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Matagi

Ambassador of the Republic of R'lyeh
Getting stability certification will be key & it's not just STIX of 32+. Older versions of ISO 12217-2 prescribed a minimum sailing weight (in the AVS calculation) for Category A of 3,000 kg although that seems to have been superseded by a minimum righting energy calculation.

My armchair naval architecture expertise (similar to my infectious diseases and Eastern European land war expertise) doesn't allow me to say whether EGZ ≥ 172 000 kg·m·deg is feasible for a <2,000 kg 30 footer but I am SUPER interested to see where you come out.
Wasn't there talk of a J/88 being entered into the last Fastnet race? That was a placeholder, if I recall correctly, but still it seemed to have passed the 'documentation threshold' for being eligible? The Impala 28 OOD might also be able, and the Corby 29?

 

JL92S

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Wasn't there talk of a J/88 being entered into the last Fastnet race? That was a placeholder, if I recall correctly, but still it seemed to have passed the 'documentation threshold' for being eligible? The Impala 28 OOD might also be able, and the Corby 29?
There was a J88 entered by someone who had ordered a brand new SF3600, I believe the J88 was only used to secure an entry.

 

Snowden

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Impala 28 OOD
Pre-95 boats are grandfathered on various criteria so you do see small older stuff (eg 1/2 tonners, Contessa 32), not sure about an Impala though.

Weighs a lot - IRC displacement / length ratio is around 210 versus a J/92S at c. 180 or a J/88 at c. 145 which I think implies an IRC certificate weight of around 3.3 tons.

When I crunched the 2018 IRC database a few years ago there are only very few boats that are Cat A, STIX 32+ and light displacement. These are Joe 90 (the modded J/90 with a lot more ballast than standard) and a couple of Pogo 8.50s in the 2.8 ton range. If you go bigger you get May Contain Nuts (Mount Gay 30) and Bespoke (Humphreys 30) around 3 tons. There's not much more until you go up again to Sun Fast 3200s.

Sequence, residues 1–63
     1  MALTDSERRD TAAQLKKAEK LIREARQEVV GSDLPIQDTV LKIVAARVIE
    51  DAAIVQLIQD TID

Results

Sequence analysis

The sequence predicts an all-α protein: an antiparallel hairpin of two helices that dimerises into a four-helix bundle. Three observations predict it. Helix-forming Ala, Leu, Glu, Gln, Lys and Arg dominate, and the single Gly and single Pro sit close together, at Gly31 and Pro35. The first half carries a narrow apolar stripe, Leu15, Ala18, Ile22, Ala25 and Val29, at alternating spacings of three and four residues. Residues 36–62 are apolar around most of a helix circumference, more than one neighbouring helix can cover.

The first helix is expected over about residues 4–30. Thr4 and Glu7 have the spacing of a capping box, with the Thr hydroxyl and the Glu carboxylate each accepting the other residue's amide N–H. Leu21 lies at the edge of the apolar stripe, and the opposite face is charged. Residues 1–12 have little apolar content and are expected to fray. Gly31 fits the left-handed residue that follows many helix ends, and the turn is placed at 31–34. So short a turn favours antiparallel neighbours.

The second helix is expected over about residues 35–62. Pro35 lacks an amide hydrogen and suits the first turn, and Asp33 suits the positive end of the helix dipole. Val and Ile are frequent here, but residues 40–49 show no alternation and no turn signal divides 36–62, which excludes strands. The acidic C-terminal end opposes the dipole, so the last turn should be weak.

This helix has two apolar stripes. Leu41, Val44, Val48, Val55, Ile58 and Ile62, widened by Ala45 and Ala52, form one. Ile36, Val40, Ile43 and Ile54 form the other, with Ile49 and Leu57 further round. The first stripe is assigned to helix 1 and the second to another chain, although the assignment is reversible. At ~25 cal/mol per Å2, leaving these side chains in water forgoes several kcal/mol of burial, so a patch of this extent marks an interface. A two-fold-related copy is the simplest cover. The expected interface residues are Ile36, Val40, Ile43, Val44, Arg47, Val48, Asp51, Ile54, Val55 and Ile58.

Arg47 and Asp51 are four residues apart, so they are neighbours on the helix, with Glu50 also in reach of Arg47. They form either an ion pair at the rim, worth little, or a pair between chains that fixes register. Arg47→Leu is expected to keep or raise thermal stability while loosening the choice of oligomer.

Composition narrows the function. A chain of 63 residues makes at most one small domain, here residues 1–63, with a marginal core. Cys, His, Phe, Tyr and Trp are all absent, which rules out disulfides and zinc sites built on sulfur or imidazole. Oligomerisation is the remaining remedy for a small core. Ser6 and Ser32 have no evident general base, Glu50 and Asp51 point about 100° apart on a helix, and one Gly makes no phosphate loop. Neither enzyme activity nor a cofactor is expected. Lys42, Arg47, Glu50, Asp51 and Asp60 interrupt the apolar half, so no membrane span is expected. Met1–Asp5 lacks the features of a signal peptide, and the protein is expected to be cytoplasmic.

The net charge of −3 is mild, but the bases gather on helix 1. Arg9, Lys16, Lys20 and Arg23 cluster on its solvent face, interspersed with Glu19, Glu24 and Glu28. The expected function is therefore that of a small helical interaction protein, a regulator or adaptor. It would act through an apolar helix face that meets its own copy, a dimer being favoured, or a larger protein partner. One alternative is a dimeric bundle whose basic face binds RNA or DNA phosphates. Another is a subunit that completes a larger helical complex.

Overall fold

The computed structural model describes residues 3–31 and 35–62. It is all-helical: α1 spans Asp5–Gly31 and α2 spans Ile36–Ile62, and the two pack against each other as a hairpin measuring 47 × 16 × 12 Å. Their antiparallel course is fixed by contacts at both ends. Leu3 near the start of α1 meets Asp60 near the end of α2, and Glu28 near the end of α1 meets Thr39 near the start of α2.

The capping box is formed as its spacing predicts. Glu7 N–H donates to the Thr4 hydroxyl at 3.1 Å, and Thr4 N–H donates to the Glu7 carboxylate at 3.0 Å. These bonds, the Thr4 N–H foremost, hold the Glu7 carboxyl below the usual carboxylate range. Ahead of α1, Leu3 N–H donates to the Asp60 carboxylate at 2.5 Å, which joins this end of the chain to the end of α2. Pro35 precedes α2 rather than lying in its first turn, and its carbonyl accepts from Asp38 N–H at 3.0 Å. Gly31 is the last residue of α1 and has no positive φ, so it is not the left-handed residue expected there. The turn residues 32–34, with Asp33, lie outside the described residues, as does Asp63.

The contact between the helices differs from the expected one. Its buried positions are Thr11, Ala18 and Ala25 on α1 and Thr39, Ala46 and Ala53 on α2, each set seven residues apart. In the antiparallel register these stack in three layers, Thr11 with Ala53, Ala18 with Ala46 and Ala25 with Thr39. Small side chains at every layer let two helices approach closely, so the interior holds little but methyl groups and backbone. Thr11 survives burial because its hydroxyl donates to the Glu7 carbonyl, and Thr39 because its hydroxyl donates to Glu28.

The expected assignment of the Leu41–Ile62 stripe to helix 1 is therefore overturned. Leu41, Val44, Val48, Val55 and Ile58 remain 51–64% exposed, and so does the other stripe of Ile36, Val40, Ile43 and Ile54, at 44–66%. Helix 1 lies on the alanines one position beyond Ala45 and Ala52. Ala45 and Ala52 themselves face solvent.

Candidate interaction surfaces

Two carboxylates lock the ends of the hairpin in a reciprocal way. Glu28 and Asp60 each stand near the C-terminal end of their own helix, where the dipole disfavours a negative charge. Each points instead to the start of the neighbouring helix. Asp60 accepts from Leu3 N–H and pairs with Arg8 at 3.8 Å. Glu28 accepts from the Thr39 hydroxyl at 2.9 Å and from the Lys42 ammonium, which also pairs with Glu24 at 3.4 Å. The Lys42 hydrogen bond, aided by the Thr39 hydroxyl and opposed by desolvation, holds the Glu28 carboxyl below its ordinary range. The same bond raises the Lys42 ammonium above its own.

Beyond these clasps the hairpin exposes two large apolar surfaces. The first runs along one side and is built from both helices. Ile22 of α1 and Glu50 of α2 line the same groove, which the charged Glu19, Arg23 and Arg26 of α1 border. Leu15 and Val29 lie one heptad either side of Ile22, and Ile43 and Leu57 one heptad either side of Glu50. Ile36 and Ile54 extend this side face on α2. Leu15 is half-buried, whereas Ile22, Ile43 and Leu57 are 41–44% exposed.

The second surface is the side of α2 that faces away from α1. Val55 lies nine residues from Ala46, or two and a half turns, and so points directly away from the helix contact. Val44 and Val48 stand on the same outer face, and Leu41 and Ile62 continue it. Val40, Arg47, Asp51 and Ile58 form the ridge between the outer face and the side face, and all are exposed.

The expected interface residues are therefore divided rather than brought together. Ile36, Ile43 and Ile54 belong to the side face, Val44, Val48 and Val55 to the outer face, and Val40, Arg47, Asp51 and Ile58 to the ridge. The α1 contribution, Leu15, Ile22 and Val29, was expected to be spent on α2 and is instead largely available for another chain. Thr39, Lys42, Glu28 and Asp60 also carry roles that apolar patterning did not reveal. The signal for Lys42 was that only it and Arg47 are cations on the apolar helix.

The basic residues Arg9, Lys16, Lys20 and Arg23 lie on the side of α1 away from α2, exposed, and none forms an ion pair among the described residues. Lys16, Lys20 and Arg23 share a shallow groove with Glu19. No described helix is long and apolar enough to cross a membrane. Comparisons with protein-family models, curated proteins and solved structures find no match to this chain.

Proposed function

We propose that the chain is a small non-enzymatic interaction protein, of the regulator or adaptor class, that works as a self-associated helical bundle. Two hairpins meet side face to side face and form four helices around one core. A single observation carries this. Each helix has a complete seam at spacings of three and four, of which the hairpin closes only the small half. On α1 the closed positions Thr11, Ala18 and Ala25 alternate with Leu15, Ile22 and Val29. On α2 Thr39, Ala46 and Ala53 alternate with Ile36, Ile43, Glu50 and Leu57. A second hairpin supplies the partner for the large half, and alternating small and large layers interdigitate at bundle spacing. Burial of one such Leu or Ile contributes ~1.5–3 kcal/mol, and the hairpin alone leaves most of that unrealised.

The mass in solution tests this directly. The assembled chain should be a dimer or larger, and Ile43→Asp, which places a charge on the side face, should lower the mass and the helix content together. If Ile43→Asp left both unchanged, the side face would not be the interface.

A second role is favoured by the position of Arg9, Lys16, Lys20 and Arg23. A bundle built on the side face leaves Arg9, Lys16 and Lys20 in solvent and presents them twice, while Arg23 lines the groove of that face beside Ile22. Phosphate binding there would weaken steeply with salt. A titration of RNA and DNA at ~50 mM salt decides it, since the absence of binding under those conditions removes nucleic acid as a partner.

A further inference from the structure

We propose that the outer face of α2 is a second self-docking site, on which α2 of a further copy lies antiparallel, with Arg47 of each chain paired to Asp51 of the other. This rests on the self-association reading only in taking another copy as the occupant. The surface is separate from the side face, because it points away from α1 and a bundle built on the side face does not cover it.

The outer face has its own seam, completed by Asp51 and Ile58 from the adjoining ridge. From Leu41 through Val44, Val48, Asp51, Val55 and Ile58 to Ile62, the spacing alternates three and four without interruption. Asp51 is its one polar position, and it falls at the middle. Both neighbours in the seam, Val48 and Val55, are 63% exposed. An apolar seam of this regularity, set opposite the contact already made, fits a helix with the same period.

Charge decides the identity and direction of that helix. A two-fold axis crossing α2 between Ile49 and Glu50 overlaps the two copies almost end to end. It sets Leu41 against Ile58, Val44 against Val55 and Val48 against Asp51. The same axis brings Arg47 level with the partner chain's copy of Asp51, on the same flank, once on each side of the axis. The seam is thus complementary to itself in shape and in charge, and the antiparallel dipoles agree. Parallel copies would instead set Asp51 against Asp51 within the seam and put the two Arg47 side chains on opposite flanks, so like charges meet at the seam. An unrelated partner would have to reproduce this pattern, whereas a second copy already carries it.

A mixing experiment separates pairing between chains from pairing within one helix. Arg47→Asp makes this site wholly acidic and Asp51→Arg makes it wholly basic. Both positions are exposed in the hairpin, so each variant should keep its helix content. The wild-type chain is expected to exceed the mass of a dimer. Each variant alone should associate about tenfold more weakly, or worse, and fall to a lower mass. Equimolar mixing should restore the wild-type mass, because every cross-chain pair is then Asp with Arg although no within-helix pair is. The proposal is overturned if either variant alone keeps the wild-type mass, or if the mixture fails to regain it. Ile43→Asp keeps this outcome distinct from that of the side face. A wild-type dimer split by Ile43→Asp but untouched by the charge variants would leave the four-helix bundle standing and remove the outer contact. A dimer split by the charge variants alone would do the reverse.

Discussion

The reason I spend so much time thinking about this stuff is that in the long term I'd love to get my boat (1997 / 9.2 m / 2.75 tons / 1 ton ballast) its Cat A ticket.

 

Hans Genthe

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Pre-95 boats are grandfathered on various criteria so you do see small older stuff (eg 1/2 tonners, Contessa 32), not sure about an Impala though.

Weighs a lot - IRC displacement / length ratio is around 210 versus a J/92S at c. 180 or a J/88 at c. 145 which I think implies an IRC certificate weight of around 3.3 tons.

When I crunched the 2018 IRC database a few years ago there are only very few boats that are Cat A, STIX 32+ and light displacement. These are Joe 90 (the modded J/90 with a lot more ballast than standard) and a couple of Pogo 8.50s in the 2.8 ton range. If you go bigger you get May Contain Nuts (Mount Gay 30) and Bespoke (Humphreys 30) around 3 tons. There's not much more until you go up again to Sun Fast 3200s.